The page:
While I don’t want to write a full review of the beers I tasted, I do want to say that each one of the four beers were top notch. Mark has a unique ability to adjust his beers on the fly and come up with a result that is tasty and enjoyable to drink.

As we approach Flatlanders and the Manitoba Brewers’ Association event, there are numerous opportunities to meet those brewing our beer and taste what they’ve got to offer. There are sure to be some special ones so be sure to get out and give them a try.

Thanks again for following, and be sure to check back for more

-Beer Winnipeg

MBBA Event

Last night I had the opportunity to attend the Manitoba Brewers’ Association (MBBA) meet and greet event that was held down at Fort Garry Brewing Company.


MBBA Shirt
The sweet MBBA Tshirt

The event was incredibly well attended and it was nice to see so many people come out to support not only local craft beer, but the Winnipeg Jets True North foundation.  This was the kickoff, if you will, for the Flatlanders’ Beer Festival happening this weekend.  If you don’t have your tickets yet, they are still available here.

The event provided an opportunity to give a try to some of the beers the local breweries have been working on.  Most only brought one to sample, leaving room for excitement at flatlanders, but the beers that they brought were all quite good.

Torque brought their American Stout, One Great City their Pale Ale, Barn Hammer brought their Double IPA, Nonsuch had their Saison, Half Pints had the MBBA collaboration brew and a Coconut Milk Stout, and Fort Gary had their Black Pearl and Buddha Lager.

The big surprise of the night was the new comer, Brazen Hall Brewery and Kitchen, who are going to be opening at the site of the Round Table.  It was an opportunity to meet them and to have a taste of their first beer, a Best Bitter.  Kristjan Kristjansson, who I hope to sit down with again, was saying that they want to combine his Icelandic heritage with the British heritage of their head brewery, Jeremy Wells.  The bitter was nice and I’m excited to hear more about them.

Brazen Hall

While this was just a first opportunity to try some of these beers, I was pretty impressed with what I tasted and I’m excited to be able to try the beers as a final product.

So, I hope that you will all try to make it to the Flatlanders’ Beer Festival this weekend. I’ll be there Friday night enjoying myself, Saturday afternoon as a Beer Geek (come ask me questions) and Saturday Night helping out pouring for Brewsters (come by and say Hi).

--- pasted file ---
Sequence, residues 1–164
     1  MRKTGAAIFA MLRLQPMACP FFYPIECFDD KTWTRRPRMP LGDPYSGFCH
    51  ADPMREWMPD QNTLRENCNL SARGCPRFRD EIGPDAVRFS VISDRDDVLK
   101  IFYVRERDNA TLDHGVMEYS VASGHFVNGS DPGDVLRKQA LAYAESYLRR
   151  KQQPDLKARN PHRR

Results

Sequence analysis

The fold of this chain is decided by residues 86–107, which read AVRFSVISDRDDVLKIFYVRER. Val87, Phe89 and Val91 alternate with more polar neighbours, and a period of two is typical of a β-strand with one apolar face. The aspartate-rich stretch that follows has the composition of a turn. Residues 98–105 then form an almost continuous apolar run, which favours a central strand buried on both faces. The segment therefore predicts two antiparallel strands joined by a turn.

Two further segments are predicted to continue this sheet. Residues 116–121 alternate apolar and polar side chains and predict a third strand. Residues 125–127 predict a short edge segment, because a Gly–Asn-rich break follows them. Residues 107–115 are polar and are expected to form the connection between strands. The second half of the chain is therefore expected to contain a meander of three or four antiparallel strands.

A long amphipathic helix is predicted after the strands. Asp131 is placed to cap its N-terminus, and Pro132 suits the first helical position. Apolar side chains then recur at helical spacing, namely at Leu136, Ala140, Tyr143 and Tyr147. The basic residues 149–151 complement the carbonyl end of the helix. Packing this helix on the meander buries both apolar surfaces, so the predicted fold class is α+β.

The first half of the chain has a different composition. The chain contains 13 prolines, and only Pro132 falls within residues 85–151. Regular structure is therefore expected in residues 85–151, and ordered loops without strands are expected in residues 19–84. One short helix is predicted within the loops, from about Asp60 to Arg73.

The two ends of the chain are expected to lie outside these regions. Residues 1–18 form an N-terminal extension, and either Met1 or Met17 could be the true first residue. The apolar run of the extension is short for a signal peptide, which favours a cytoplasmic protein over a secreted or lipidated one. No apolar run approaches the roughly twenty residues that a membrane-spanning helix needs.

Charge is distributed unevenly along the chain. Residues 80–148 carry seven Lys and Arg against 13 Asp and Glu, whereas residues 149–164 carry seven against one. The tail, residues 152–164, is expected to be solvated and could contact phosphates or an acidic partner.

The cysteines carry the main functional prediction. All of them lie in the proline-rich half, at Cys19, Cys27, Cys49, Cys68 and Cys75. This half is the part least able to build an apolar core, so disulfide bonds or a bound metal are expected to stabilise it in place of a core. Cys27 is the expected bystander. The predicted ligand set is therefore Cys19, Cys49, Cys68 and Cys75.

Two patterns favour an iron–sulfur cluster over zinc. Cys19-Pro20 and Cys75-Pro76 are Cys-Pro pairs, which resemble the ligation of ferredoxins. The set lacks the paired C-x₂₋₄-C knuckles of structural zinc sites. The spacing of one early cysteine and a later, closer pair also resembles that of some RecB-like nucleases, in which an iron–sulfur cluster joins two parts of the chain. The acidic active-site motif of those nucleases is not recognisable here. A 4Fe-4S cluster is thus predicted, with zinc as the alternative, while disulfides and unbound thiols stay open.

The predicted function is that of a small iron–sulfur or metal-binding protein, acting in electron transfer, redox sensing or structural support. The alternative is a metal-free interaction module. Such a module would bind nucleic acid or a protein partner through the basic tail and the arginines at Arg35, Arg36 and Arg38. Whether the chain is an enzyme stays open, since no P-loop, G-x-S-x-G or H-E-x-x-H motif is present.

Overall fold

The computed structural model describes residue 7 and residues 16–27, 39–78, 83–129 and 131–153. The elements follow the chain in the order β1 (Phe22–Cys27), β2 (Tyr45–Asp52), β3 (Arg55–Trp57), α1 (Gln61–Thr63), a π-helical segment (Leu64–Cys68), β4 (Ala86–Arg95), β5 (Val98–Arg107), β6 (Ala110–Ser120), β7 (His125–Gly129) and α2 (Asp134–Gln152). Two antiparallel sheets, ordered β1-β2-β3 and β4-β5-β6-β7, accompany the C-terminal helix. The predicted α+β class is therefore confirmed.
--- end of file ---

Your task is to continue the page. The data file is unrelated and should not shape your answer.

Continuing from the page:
On one final note, the Manitoba Bartenders Guild has organized a self-guided brewery tour event that sounds like a lot of fun. I’ll be going along with them and anyone else interested in joining, come on out.  See the image below for details. It should be fun.

Brewery Tour

Thanks for reading as I follow the changing climate of beer here in the province of Manitoba, I’m pretty excited to keep following these, and other, breweries as they start moving closer to opening their doors.

-Beer Winnipeg

Nonsuch Brewing Co.


It’s been a while since I had the chance to write a post. I did a quick update last week but work and being sick have kept me from posting as regularly as I’d like. Luckily, I’m back at it and I’ve got a good one today. With the Meet Your Local Brewer event, Barn Hammer starting to brew, and Flatlander’s coming up, it’s a great time to be a beer drinker in Manitoba. We are finally going to get our first taste of what is to come and I am going to make sure I get as much as I can.

I had the opportunity to sit down with Matt and Mark from Nonsuch Brewing Co. the other day and learn a bit more about their team and their vision – one that certainly takes a step outside the norm with their very clearly defined plan.

First, who is Nonsuch?  There are four guys who are behind the brewery all with various backgrounds, expertise and brewing experience but with one shared vision: to brew high quality Belgian and European style beers.  The four of them are proud Manitobans, something that they all feel plays a huge role in their lives. It is the reason they have chosen “Nonsuch” as their name, because of it’s strong connection with Manitoba’s History.

Matt Sabourin is the one who originally came up with the idea of opening a brewery. With an operations background – having been a production manager at Frantic Films before moving into the French film industry and finally spending the past 5 years as the operation manager at his parent’s company – he’s developed the entrepreneurial spirit. Opening a brewery for him has been a no-brainer. He’s spent the past five years learning all he can about brewing through homebrewing, all with the goal of opening Nonsuch. While Matt originally came up with the idea of opening a brewery, it was the whole team who developed the vision and concept of focusing on Belgian and European beers.

That’s where the rest of this team comes in. With Matt filling the role of President, his good friend Ben Myers will act as VP and focus on the sales and marketing aspects. Ben has a lot of experience as the Product designer for Robots and Pencils.  An artist, designer and developer, Ben will bring his creativity and experience to the team.